April 01, 2014

Orange County jailhouse snitch operation

The District Attorney's Office in Orange County is accused of running an unconstitutional jailhouse snitch program, much like the infamous one in Los Angeles that ended twenty years ago. See these stories from the L.A. Times , the Voice of OC, and and Orange County Register. From the Register:

[Defense attorneys] say sheriff's deputies, including one who worked as a "handler" for jailed informants, arranged for informants to be placed next to selected inmates and lure them into making incriminating statements. Deputies and prosecutors then conspired to hide the fact the men were informants from defense attorneys and pretended their encounters were coincidental, despite the longstanding legal requirement that prosecutors turn over information that could help the defense.

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December 15, 2012

Jailhouse snitches pay $1000s for information

USA Today ran this indepth story about a pay-for-information scheme in the Atlanta jail, in which federal inmates looking for cooperation credit bought information to pass on to their handlers, passing it off as their own knowledge. Story here: Federal prisoners use snitching for personal gain. The story offers an unusually detailed and extensive look at the ways that inmates and informants can game the system, buying and selling information that prosecutors and investigators then reward them for and rely on. In this black market free-for-all, inmates paid tens of thousands of dollars ($250,000 in one case) for information to lower their sentences, while FBI agents relied on snitches who were passing on second-hand uncorroborated information from the street. It is the fourth such scheme uncovered in Atlanta alone in the last 20 years.

A similar pay-for-information scheme was discovered in a federal prison in Louisiana, after Ann Colomb and her three sons were wrongfully convicted based on the testimony of dozens of snitch inmates. See this post: Professional Prison Snitch Ring.

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November 28, 2012

New informant legislation introduced in Texas

A Texas legislator has just introduced a new bill, H.B. 189, that would bar the use of compensated criminal informants in capital cases. H.B. 189 would make informant and accomplice testimony inadmissible if "the testimony is given in exchange for a grant or promise by the attorney representing the state or by another of immunity from prosecution, reduction of sentence, or any other form of leniency or special treatment." In effect, the bill embodies the sensible idea that paying criminals for their testimony is simply too unreliable to be used in death penalty cases. The Texas Tribune ran this story: Bill Would Restrict Informant Testimony in Death Cases. The bill would also bar the use of alleged confessions made to jailhouse snitches unless the confessions are corroborated by electronic recordings. In many ways Texas has been on the forefront of this issue--the state already has drug and jailhouse snitch corroboration requirements. See this post: Texas requires corroboration for informant witnesses.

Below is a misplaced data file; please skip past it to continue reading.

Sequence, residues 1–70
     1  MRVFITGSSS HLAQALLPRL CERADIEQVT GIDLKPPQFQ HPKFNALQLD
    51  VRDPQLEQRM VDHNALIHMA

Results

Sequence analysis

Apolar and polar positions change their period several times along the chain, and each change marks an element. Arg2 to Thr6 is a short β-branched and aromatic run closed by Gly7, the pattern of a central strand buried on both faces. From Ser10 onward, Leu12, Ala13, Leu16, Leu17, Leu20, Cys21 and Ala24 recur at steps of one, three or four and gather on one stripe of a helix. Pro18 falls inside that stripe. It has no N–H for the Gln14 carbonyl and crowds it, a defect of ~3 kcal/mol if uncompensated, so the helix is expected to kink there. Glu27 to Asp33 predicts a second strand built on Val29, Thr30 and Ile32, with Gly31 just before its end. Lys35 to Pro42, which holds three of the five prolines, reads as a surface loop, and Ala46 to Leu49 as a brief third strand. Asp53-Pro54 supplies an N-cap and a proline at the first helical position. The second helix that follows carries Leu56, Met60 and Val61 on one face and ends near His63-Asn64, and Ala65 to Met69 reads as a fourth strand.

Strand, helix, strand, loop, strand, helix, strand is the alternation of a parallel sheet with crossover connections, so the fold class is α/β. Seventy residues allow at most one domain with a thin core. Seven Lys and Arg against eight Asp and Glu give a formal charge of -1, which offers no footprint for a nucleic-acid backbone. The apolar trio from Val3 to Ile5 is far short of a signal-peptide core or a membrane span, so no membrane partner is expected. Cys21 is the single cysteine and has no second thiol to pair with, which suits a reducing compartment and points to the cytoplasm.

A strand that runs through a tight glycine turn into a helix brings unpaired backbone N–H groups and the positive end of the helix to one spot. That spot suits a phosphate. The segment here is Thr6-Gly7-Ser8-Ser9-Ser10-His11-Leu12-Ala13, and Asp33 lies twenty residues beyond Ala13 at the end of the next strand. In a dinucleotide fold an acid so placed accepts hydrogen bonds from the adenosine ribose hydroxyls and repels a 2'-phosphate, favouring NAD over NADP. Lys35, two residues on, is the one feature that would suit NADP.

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May 14, 2012

In the news: released jailhouse informant accused in new murder

The Louisville Courier-Journal reports on a jailhouse informant who was released in exchange for his testimony. Two months later, he was charged in the murder of a 15-year-old. From the story:

Jefferson Circuit Court Judge McKay Chauvin told James Mallory in February that he wasn't a good choice to be released from prison on shock probation, given his criminal history -- and, in fact, the judge had already denied the request previously.

But Chauvin nonetheless released him at prosecutors' request after Mallory came forward with what he called "bombshell" information in a letter offering the Jefferson Commonwealth's Attorney's Office evidence against several defendants in exchange for helping him get out of a nine-year prison term.

Now, just two months later, Mallory is charged with murdering a 15-year-old boy.

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Impact of 'Rachel's Law' on informant use

The Tallahassee Democrat has published this article about the effects of Rachel's Law on informant use in Florida, four years after the death of Rachel Hoffman: Four years later, Hoffman's death still impacts CI use. The article concludes that the Tallahassee police department made some significant changes.

For six months immediately following Hoffman's death, the department suspended the use of all CIs. For a long time, no one wanted to work narcotics cases, which often rely on informants, the chief said.

"We had to be confident in our investigators that they were ready," [Chief] Jones said.

An audit of department confidential-informant files conducted about six months after Hoffman was killed found lax record keeping and noted areas of improvement. Personnel were moved, the vice unit was made a part the Criminal Investigations Division of a new Special Investigation Section and supervision was stepped up.